For over a decade there has been a great deal of discussion in America about work-family conflict or work-life balance. These discussions have typically focused on the plight of women, mothers in particular, and the inhospitable labor market. (1) Advocates who seek to improve the status of women have been vocal in demanding changes in the workplace. In response, employer policies like job sharing and flextime have become common and awards for the most "family-friendly" workplace are readily visible. (2)
Despite all of this commotion, however, there is a persistent tension between employer expectations and employee responsibilities. Employers still espouse ideal worker norms (3) that require long hours and uninterrupted tenures, which were established by the breadwinner/homemaker family model of the mid-twentieth century. Meanwhile, most families need two wage-earners just to make ends meet. With the continuing decline in real wages, many families simply cannot afford to have one parent stay home. (4) Sociologist Theda Skocpol notes, "[I]n the late 1950s, a high-school educated father could make enough to sustain a family consisting of a homemaker mother and two children at an economic level above the poverty line." (5) Today, only thirty-one percent of married couples with children under eighteen have a father who works and a mother who does not. (6) Skocpol observes, "[W]e no longer have an economy centered around the father-breadwinner who goes off to work at a full-time (or more), well-paid, lifetime job, leaving behind a mother to care for the home and family. Instead, single-parent or two-worker families are prevalent." (7)
Although it is widely recognized that changing family structures creates a "second shift" phenomenon, (8) burdening women with both paid and unpaid labor, these trends also perpetuate women's inequality in other seemingly invisible ways. Lurking just behind the popular discourse about women is a large group of workers whose work-family conflicts are going relatively unnoticed--fathers. Dads in America face as much, if not more, difficulty than morns when they try to strike a balance between their jobs and their families. In fact, a recent survey in Business Week found that men reported greater frustration than women regarding the balance between work and family. (9) Men often encounter subtle societal pressures as well as outright employer hostility. (10) The result is that dads have a harder time stepping out of the traditional breadwinner role to venture across the gender divide into a nurturing, caregiver position. While women have traveled toward work "at the speed of light," men have trekked toward home "at the speed of a glacier." (11) Because men have been unable to change their position, the gendered division of labor in households continues virtually unabated and the goal of sex equality fails to come to fruition.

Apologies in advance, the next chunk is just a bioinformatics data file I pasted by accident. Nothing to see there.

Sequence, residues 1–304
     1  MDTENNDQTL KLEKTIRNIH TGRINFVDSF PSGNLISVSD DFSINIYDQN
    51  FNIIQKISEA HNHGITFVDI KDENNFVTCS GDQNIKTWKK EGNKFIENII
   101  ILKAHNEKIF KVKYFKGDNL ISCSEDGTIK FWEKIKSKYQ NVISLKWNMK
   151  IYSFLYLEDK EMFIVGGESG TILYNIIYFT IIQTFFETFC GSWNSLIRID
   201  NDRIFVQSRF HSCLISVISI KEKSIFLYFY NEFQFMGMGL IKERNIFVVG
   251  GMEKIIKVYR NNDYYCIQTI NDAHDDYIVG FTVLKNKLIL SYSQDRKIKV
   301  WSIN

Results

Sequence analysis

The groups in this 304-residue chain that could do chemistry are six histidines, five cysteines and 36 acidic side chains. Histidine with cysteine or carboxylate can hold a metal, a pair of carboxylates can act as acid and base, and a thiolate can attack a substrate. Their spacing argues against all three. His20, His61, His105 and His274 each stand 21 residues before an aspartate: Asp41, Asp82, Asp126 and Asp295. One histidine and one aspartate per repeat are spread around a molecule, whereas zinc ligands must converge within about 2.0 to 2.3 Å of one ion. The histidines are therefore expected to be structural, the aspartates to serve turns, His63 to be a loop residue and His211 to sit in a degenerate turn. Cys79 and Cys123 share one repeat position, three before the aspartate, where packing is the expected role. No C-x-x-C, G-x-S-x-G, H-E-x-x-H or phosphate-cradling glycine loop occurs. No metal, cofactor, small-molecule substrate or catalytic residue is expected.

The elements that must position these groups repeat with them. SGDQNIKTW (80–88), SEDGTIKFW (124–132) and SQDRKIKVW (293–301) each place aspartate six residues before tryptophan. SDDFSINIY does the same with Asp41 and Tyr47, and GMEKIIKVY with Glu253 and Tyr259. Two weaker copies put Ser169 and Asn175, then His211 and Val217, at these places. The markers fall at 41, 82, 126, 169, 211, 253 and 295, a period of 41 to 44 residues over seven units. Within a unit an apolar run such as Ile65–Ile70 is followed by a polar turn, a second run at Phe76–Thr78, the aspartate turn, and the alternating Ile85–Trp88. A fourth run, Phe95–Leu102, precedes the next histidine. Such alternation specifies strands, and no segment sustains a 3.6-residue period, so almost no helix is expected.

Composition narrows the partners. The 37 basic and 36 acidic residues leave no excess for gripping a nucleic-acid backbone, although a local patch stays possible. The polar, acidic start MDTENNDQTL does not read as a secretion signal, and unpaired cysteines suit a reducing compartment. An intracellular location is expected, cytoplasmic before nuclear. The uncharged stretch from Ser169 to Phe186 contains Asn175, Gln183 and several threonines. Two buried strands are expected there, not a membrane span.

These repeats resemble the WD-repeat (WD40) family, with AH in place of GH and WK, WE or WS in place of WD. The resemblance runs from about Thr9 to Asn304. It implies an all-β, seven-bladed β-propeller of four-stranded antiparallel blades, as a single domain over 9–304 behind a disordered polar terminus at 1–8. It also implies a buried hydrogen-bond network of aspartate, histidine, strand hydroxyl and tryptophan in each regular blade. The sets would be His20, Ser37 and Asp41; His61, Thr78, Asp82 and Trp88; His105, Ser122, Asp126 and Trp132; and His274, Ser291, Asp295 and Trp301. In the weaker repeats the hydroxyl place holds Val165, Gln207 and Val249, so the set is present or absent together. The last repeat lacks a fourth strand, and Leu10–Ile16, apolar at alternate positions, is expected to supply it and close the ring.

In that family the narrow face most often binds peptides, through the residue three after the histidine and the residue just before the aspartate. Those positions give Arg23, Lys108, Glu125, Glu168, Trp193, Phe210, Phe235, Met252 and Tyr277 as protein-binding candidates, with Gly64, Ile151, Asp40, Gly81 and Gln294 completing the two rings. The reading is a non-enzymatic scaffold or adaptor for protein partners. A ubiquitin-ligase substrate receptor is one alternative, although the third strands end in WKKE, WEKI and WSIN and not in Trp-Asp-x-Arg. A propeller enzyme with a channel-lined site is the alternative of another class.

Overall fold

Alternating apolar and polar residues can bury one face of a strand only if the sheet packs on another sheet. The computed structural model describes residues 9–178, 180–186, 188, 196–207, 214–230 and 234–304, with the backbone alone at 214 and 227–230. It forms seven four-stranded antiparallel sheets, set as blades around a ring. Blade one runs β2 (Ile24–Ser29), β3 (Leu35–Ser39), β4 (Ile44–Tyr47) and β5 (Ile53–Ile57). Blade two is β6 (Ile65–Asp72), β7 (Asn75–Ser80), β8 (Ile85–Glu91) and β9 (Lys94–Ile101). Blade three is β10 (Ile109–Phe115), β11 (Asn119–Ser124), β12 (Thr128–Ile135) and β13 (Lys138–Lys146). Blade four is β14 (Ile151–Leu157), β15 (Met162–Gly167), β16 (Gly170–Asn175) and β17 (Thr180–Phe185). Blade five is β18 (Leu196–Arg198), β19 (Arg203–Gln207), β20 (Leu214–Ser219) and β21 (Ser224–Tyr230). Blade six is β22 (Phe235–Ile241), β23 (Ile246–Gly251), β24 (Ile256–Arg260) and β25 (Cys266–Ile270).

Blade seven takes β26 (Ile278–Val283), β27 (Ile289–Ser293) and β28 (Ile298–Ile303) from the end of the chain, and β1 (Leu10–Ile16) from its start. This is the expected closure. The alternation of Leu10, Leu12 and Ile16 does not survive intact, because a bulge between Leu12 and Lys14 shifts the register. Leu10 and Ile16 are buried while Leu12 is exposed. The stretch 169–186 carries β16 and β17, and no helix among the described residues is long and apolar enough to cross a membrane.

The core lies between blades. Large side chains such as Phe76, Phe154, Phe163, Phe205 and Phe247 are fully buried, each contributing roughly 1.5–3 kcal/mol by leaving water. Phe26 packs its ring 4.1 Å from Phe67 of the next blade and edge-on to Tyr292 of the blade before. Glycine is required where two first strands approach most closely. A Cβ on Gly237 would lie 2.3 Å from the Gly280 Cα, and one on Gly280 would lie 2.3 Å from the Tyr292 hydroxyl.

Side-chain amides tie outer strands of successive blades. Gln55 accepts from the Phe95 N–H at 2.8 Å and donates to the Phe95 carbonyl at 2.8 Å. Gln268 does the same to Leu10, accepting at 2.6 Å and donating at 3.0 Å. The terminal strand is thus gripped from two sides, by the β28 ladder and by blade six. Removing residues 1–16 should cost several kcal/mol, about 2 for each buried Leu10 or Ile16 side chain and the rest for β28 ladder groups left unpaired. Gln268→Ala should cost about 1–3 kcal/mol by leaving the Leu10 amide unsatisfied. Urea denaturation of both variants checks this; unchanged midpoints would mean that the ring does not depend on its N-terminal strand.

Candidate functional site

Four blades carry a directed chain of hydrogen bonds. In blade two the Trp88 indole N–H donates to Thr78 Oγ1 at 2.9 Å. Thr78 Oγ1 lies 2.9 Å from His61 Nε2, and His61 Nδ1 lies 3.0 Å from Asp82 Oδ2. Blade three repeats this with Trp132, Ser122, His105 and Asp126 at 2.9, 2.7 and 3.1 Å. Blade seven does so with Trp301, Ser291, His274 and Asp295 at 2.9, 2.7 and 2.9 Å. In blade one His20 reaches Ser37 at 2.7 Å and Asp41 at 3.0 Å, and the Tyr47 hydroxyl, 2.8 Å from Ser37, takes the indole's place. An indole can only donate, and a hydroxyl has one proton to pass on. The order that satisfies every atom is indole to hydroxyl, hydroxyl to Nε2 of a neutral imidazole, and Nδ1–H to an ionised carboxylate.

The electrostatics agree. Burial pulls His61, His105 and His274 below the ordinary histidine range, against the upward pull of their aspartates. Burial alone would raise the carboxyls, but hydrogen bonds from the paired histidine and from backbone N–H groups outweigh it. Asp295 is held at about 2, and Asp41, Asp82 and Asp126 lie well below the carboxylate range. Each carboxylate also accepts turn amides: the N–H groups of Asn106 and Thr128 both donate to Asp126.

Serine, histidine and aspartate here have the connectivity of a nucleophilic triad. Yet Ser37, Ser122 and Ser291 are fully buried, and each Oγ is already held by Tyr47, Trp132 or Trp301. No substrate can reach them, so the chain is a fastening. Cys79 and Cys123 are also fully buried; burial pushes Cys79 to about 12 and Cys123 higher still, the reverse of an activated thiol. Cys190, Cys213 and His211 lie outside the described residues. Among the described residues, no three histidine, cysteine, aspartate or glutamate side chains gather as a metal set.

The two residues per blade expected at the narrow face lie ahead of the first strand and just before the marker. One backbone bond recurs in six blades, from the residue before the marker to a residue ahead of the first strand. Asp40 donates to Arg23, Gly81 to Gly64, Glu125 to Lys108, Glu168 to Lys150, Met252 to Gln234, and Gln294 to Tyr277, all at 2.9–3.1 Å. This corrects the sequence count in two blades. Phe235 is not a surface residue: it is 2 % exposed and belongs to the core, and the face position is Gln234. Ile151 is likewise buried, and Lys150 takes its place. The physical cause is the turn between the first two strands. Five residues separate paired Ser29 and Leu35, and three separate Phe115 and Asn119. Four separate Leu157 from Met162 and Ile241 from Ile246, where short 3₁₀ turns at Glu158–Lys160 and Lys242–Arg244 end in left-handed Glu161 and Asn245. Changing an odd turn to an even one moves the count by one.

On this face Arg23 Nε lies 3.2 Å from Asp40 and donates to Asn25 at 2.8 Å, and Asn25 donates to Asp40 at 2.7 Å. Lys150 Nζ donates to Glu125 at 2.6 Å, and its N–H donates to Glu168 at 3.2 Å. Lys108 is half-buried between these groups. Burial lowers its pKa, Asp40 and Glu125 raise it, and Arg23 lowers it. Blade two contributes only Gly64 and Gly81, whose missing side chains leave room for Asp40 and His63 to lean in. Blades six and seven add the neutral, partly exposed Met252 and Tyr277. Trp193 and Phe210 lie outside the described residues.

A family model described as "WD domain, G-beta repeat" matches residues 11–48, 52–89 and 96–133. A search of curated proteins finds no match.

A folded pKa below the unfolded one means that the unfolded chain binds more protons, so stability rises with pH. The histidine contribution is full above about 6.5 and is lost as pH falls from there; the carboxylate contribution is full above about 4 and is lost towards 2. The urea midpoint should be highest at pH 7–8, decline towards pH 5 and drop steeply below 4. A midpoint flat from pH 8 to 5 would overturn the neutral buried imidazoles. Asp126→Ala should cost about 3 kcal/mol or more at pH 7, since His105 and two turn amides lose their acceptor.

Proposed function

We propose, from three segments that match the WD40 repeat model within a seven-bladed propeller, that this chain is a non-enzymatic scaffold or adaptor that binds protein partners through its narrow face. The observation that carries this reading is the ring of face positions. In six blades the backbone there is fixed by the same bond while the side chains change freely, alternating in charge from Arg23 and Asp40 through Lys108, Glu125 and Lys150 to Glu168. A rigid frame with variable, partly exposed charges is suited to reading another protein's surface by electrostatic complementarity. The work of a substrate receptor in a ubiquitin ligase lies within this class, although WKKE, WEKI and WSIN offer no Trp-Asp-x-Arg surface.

To address the negative impact on women created by the persistent division of labor, a movement to value unpaid household and care work (12) has been added to the demands for more "family-friendly" workplace policies. While these strategies have some potential to improve the status of women, they fail to fully address the male factor in the gender equation. Men, and fathers in particular, have been on the margins of work-family issues, but progress in women's equality cannot accelerate until the masculine side of the gender binary is also unraveled.
The Family and Medical Leave Act (FMLA) (13) of 1993 was one such attempt at redressing women's inequality through a gender-neutral social policy. (14) The FMLA was aimed at protecting the jobs of caregivers, most of whom are women, without codifying a sex-specific division of labor. However, glaring limitations in the law itself, as well as the judicial interpretation and enforcement that followed, have left most men and women in the same position they occupied when the Act was passed. Two major problems need to be addressed. First, since the Act provides only unpaid family leave, it is seen primarily as a job security statute for middle-and upper-class workers. Providing a mechanism for replacement pay would make the Act more relevant for low- and middle-income workers who cannot afford to go without a paycheck. This would also significantly increase the usage by men who are still primary breadwinners. Second, weak judicial enforcement has left untouched a pervasive hostility on the part of employers. Lack of enforcement presents challenges to men at all class levels, but improving litigation outcomes would be most important for middle- and upper-income workers who can afford to take leave but are afraid to do so.
Without these two changes, the FMLA not only fails to address work-family tensions for most workers, but also fails to interrupt the cycle of inequality that takes over when workers become parents. Women continue to struggle to reconcile work with their traditional caregiver role, while men struggle to reconcile family with their traditional provider role. Work-family conflicts mean that both women and men are marginalized, although in opposite ways. (15)